The Older Brain on Drugs: Substances That May Cause Cognitive Impairment

Jenny Rogers, MD; Bonnie S. Wiese, MD; Kiran Rabheru, MD, CCFP, FRCP

Disclosures

Geriatrics and Aging. 2008;11(5):284-289. 

In This Article

Benzodiazepines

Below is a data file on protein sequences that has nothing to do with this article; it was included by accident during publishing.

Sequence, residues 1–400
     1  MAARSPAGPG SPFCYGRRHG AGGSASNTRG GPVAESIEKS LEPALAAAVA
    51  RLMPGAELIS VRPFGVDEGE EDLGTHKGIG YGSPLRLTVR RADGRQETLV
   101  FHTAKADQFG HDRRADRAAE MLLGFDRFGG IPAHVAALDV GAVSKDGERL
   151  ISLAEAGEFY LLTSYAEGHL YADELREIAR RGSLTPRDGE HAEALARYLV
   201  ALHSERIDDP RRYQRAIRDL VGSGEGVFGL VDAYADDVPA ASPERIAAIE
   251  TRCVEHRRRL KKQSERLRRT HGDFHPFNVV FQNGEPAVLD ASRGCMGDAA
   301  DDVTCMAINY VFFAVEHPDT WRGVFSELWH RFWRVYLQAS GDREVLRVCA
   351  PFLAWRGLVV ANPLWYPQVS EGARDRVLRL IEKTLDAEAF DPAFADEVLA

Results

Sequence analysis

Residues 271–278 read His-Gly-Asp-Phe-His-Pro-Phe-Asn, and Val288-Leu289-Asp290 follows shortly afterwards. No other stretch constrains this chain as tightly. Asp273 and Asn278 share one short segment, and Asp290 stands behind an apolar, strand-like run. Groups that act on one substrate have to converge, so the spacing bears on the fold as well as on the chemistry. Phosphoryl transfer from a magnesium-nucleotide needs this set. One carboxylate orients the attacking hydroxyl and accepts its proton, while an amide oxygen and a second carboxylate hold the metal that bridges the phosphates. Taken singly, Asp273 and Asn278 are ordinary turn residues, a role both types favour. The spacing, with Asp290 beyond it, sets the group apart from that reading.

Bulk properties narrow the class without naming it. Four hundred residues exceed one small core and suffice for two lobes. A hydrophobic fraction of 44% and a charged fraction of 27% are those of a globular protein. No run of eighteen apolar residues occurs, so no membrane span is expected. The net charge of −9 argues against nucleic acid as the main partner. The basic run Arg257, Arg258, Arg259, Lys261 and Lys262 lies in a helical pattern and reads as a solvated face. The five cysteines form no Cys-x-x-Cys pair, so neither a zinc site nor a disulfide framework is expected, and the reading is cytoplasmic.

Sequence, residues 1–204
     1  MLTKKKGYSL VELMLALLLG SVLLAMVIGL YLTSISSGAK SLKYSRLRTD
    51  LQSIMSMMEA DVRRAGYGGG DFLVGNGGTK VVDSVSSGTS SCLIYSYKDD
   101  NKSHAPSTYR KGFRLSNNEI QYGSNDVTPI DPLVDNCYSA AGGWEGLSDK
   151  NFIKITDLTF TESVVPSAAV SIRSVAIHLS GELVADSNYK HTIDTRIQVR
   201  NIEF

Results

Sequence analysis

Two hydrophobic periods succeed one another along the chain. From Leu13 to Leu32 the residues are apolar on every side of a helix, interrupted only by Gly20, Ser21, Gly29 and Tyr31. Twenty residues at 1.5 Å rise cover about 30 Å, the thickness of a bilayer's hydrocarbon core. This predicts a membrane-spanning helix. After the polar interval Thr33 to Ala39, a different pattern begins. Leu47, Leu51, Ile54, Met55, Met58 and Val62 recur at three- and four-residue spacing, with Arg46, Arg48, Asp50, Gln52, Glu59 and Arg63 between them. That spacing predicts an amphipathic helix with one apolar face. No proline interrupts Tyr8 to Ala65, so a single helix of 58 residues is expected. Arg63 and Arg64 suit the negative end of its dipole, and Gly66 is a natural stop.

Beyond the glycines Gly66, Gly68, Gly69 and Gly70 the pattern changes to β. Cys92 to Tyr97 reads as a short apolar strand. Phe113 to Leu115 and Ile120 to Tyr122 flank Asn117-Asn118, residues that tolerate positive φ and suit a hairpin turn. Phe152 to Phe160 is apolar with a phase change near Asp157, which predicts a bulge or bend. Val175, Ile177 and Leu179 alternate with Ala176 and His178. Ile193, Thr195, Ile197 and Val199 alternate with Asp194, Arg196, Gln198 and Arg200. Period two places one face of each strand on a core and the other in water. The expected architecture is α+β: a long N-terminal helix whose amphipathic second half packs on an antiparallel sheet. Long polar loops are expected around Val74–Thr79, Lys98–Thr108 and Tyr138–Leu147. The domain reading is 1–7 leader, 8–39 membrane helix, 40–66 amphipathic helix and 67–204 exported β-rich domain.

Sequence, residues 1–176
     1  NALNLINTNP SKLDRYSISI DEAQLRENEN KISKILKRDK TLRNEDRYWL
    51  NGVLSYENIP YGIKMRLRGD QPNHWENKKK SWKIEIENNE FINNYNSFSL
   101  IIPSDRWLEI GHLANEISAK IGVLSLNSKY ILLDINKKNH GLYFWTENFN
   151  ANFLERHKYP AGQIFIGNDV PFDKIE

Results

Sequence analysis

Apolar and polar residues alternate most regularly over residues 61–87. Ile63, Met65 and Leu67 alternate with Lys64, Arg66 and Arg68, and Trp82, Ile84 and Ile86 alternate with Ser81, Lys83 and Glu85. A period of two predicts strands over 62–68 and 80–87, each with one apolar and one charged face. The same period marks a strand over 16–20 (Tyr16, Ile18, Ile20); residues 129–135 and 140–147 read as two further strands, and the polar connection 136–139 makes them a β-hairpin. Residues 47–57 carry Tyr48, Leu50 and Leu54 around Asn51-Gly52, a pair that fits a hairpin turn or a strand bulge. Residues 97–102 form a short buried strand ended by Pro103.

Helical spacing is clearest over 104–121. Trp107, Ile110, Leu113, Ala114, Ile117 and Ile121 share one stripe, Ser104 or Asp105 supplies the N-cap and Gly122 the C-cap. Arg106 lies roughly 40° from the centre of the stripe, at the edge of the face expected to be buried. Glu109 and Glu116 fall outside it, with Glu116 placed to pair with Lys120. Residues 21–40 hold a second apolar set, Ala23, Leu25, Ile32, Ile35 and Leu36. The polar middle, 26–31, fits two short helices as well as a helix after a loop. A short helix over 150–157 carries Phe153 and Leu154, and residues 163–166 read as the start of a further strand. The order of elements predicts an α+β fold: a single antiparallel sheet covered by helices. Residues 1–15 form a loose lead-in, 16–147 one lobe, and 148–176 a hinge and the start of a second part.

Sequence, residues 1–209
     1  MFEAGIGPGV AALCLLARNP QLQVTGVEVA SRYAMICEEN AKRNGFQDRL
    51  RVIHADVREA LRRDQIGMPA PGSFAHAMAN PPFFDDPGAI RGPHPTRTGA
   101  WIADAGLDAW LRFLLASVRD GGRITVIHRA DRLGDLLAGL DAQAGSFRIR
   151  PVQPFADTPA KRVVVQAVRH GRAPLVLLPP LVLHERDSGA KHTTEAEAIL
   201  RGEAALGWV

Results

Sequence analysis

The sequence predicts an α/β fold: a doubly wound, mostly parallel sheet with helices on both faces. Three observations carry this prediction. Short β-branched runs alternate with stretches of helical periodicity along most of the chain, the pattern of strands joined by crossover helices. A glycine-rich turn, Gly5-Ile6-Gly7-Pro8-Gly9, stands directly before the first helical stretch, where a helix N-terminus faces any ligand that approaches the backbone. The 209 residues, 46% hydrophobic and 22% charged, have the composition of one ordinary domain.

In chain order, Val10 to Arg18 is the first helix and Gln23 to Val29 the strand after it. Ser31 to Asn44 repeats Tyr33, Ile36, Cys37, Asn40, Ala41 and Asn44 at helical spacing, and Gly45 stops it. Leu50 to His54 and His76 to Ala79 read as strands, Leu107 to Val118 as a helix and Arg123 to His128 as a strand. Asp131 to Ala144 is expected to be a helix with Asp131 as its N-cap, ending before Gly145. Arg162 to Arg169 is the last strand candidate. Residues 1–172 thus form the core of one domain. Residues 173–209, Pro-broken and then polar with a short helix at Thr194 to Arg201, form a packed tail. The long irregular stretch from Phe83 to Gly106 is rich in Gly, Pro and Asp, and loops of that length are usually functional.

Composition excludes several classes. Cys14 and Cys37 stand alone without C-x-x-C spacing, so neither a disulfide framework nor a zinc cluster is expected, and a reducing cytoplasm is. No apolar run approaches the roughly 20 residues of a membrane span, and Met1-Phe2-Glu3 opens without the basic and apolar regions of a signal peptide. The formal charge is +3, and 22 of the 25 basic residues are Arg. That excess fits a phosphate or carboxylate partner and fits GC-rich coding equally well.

Benzodiazepines are commonly used as anxyolitics and for insomnia (clonazepam [Klonopin®], lorazepam [Ativan®], triazolam [Halcion®]). Benzodiazepine use is associated with a host of cognitive and psychomotor side effects including episodic memory problems, poor concentration, disinhibition, drowsiness, dysarthria, motor incoordination, and falls.[31,32,33,34] Benzodiazepines slow reaction time, lead to visuospatial deficits, impair driving skills, and increase the risk of motor vehicle crashes, especially among older adults.[35,36] Memory impairment may be reversed when benzodiazepines are stopped.[37] Despite benzodiazepines being on the list of Beers criteria of inappropriate medications for older adults[1] and a trend towards decreased prescribing,[38] tranquilizers as a class comprised 5.3% of all prescriptions given to Canadian women over 60 in 2006.[39]

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